Product Review: Iomega Storage Servers Page 3 -

Product Review: Iomega Storage Servers Page 3

The NAS unit itself runs on Windows 2000. Configuring the appliance involves first setting it up to work on your network – either assigning it a fixed IP address or setting it up to get an address automatically from a network hub. If you've set up a workstation on your LAN, you can do this.

Next, you need to create disk volumes, folders, and "shares" – places on the RAID system where users can store or back up their files. You can configure permissions for a disk volume or folder so that only the owner or an administrator can access it or so that everybody on the network can.

For sophisticated users, the configuration options available are almost endless, but most small businesses will only need a few. If you've configured a workstation hard drive for use over a network, you can do this.

For our test, we set up a folder in the default "public" space on the RAID in which to back up one network PC. Then we installed the Iomega Automatic Backup software.

The Backup software works much like others of its kind, although we found the interface simpler and more intuitive than most. You first use standard Windows file selection dialogs to select the "source" folders and files you want to back up. You can also use "filters" to exclude files of certain types – such as temporary files.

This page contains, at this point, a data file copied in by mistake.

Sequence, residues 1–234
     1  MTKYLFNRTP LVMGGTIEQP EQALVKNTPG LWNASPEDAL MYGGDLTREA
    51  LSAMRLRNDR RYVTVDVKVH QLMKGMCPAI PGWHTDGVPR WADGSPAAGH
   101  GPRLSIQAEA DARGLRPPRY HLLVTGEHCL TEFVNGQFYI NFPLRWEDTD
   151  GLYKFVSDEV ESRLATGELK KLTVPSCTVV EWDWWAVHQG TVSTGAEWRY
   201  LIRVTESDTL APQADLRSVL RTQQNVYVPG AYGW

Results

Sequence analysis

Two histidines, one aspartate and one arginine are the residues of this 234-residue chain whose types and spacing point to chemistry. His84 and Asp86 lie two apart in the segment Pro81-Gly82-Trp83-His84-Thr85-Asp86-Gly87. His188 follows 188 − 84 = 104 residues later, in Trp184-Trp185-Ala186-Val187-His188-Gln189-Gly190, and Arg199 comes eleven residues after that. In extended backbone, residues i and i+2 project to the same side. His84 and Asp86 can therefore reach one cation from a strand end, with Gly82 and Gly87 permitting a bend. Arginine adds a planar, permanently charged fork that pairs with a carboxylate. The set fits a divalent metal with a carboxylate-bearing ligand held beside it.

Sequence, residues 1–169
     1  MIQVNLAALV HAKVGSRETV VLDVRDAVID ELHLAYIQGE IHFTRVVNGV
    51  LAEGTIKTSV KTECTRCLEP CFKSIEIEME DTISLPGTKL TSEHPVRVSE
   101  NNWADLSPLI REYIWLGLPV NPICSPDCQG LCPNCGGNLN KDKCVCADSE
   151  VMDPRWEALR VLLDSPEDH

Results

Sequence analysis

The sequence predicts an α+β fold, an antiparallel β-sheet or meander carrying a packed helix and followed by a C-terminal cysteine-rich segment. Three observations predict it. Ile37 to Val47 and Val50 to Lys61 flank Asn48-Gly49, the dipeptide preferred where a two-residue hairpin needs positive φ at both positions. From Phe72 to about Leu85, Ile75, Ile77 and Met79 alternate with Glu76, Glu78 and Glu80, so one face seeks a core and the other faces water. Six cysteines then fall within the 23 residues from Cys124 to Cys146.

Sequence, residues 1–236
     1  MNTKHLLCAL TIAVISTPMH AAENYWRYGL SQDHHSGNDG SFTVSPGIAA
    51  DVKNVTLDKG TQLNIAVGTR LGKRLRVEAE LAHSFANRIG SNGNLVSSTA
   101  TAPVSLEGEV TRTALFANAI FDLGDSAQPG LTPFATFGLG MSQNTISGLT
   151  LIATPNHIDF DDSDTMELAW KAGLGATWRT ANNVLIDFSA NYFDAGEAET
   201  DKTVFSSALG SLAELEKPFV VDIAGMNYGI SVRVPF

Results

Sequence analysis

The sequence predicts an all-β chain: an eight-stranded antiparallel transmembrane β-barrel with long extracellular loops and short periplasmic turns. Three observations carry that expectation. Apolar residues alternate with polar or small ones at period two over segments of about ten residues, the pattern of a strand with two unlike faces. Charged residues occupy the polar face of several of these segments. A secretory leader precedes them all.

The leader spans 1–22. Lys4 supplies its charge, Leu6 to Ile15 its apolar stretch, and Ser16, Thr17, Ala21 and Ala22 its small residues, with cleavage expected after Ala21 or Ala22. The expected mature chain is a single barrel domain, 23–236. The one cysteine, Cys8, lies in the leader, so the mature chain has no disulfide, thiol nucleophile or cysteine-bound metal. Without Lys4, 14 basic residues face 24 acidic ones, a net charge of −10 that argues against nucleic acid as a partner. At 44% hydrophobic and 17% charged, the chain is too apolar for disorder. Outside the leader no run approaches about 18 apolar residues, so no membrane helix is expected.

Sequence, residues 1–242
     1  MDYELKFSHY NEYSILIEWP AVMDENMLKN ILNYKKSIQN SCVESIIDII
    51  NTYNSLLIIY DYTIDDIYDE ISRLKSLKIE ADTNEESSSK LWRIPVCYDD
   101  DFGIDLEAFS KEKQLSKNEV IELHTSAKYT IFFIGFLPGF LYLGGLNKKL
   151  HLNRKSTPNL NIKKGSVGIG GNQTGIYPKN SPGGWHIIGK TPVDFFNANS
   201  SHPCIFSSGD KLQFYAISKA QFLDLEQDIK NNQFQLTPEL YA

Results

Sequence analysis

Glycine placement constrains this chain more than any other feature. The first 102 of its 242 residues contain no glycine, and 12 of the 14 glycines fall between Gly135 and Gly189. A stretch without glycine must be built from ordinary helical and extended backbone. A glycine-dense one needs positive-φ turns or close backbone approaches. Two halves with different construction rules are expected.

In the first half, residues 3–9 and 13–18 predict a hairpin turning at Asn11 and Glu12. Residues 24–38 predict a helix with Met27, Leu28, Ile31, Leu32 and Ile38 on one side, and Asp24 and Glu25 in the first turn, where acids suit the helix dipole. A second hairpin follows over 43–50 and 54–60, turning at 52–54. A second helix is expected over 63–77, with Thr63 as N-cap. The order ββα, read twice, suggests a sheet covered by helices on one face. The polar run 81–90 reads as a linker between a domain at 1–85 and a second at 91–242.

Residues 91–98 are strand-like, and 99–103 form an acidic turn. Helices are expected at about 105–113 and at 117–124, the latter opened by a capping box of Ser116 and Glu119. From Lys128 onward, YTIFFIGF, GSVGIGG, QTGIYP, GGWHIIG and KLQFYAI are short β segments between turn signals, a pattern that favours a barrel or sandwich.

Next, you choose the "target" – the folder or volume on the NAS unit – which, again, you select by browsing in a Windows Explorer-like dialog. At this point, you can also decide to save revisions of files or not. If you need to preserve the original version of a file when it's modified, the backup software will do that, or you can choose to simply update the backed-up version.

Finally, you select schedule settings. The default is "back up my files every time my source changes" – meaning the backups are made over the network as you create and modify files.

You can alternatively choose to look for changes at defined intervals – every so many minutes or hours – and do the backups then. Or you can tell the software to back up at a particular time every day or on selected days.

Page 4: An In-Depth Look at the Iomega A305m (Continued)

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